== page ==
Space & Innovation

Hubble Finds Galaxy-Sized Microwave 'Mega-Laser'

This galaxy plays host to a powerful "megamaser" that sounds like it belongs in the next "Star Wars" movie.

In the classic movie "Star Wars: A New Hope", the Luke Skywalker-led Rebel Alliance destroyed the Empire's super-scary super-weapon, the Death Star. Underestimating the power of The Force, Darth Vader oversaw the construction of a second Death Star that was, again, snuffed-out with the help of a tribe of furry bears on the forest moon of Endor in "Star Wars: Return of the Jedi." Ever a glutton for punishment, 30 years later in "Star Wars: The Force Awakens", the Dark Side's new fascist social club the First Order decided it would be a great plan to build the Starkiller Base - basically a bigger, badder Death Star that eats stars for breakfast. That, too, exploded after some rushed planning by those meddling Rebels.

So, should this up-sizing logic continue, by "Star Wars Episode X," can we can expect the Dark Side to build a galaxy-sized superweapon that could vaporize any galactic neighbor with the flick of a switch?

This might sound far fetched, and probably a fairly horrible premise for a "Star Wars" story line, but it seems Mother Nature may be a little more forward-thinking than Emperor Palpatine and the Hubble Space Telescope has already spotted a fully operational galaxy-sized mega-laser.

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Though it might not look like much, the galaxy pictured here hosts a "megamaser." Megamasers, besides sounding awesome, are basically "astronomical lasers" that produce intense emissions of microwaves that originate from the stimulated emission of microwaves from the interstellar clouds contained within the cores of galaxies. Their smaller cousins, stellar masers, can be found throughout our galaxy and are often produced in star-forming nebulae. For example, interstellar water molecules are known to produce specific frequencies that appear very bright in radio observations of the cosmos.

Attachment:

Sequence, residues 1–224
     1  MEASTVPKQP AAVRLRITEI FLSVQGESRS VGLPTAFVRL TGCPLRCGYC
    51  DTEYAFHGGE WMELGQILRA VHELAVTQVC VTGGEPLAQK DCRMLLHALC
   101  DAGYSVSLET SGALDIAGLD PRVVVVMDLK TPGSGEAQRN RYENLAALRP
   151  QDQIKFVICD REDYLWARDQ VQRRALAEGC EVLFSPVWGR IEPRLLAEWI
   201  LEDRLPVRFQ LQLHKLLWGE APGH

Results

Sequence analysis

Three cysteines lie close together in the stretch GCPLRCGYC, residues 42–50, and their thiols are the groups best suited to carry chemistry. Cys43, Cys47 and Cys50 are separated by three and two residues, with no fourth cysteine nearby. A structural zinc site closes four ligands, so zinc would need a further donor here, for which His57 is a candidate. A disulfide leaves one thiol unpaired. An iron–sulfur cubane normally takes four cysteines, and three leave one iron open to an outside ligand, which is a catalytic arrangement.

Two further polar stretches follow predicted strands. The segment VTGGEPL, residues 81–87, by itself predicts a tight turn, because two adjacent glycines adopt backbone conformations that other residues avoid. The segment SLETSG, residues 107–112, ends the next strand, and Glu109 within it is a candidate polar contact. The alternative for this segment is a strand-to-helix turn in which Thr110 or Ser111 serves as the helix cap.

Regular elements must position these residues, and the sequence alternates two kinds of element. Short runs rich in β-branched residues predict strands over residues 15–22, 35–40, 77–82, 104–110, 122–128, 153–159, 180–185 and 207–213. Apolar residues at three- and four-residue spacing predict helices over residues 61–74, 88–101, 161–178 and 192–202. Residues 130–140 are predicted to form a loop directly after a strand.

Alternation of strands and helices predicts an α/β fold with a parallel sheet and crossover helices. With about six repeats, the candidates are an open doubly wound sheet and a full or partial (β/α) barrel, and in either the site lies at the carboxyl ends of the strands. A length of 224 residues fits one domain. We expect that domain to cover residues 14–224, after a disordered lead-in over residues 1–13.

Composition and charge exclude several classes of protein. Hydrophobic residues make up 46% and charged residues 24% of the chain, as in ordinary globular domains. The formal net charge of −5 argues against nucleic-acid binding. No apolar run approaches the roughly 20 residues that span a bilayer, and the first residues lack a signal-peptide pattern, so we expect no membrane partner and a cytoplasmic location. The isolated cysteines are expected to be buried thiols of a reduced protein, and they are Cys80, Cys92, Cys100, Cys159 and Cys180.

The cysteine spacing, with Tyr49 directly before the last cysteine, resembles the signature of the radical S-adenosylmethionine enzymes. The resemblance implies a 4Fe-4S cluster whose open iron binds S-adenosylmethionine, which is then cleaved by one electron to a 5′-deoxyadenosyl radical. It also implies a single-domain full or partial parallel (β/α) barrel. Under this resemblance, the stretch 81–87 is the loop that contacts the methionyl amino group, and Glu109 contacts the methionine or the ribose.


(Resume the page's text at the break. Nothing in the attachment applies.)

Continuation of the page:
Megamasers, however, are in a league of they own, generating around a 100 million times more energy than regular Milky Way masers.

This observation of IRAS 16399-0937, a galaxy located over 370 million light-years from Earth, was imaged by Hubble's Advanced Camera for Surveys (ACS) and Near Infrared Camera and Multi-Object Spectrometer (NICMOS). Though it may look fairly passive and peaceful, it's generating powerful microwave radiation, making it an important astronomical curiosity.

IRAS 16399-0937 is actually known to contain two nuclei, possibly revealing that it was once two galaxies that have merged together. The northern nucleus is known to contain a supermassive black hole 100 million times the mass of our sun. Also, the southern nucleus is a very active "starburst" region, pooping-out baby stars at a speedy rate, whereas the northern nucleus appears to be devoid of star formation. With the help of Hubble's NICMOS, astronomers have been able to resolve each nucleus spiraling in toward one another.

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Industrial use of masers, which is an acronym for "microwave amplification by stimulated emission of radiation," actually came before the invention of what we know as the laser (light amplification by stimulated emission of radiation). However, masers operate over microwave wavelengths (mainly), whereas lasers operate over higher frequencies. In the laboratory, masers work through the stimulated emission of microwaves - i.e. microwaves pass into a material that, in turn, stimulates the emission of more microwave photons. In astrophysical situations, microwaves pass into clouds of gas and the molecules in that gas can be stimulated to pump out more microwaves than went in, generating a powerful output of coherent radiation at specific frequencies.

As to how a megamaser might be used to destroy other celestial bodies, however, is speculation that will likely remain firmly in the realms of science fiction storytelling (and IRAS 16399-0937 probably won't be killed off by a rebellion any time soon).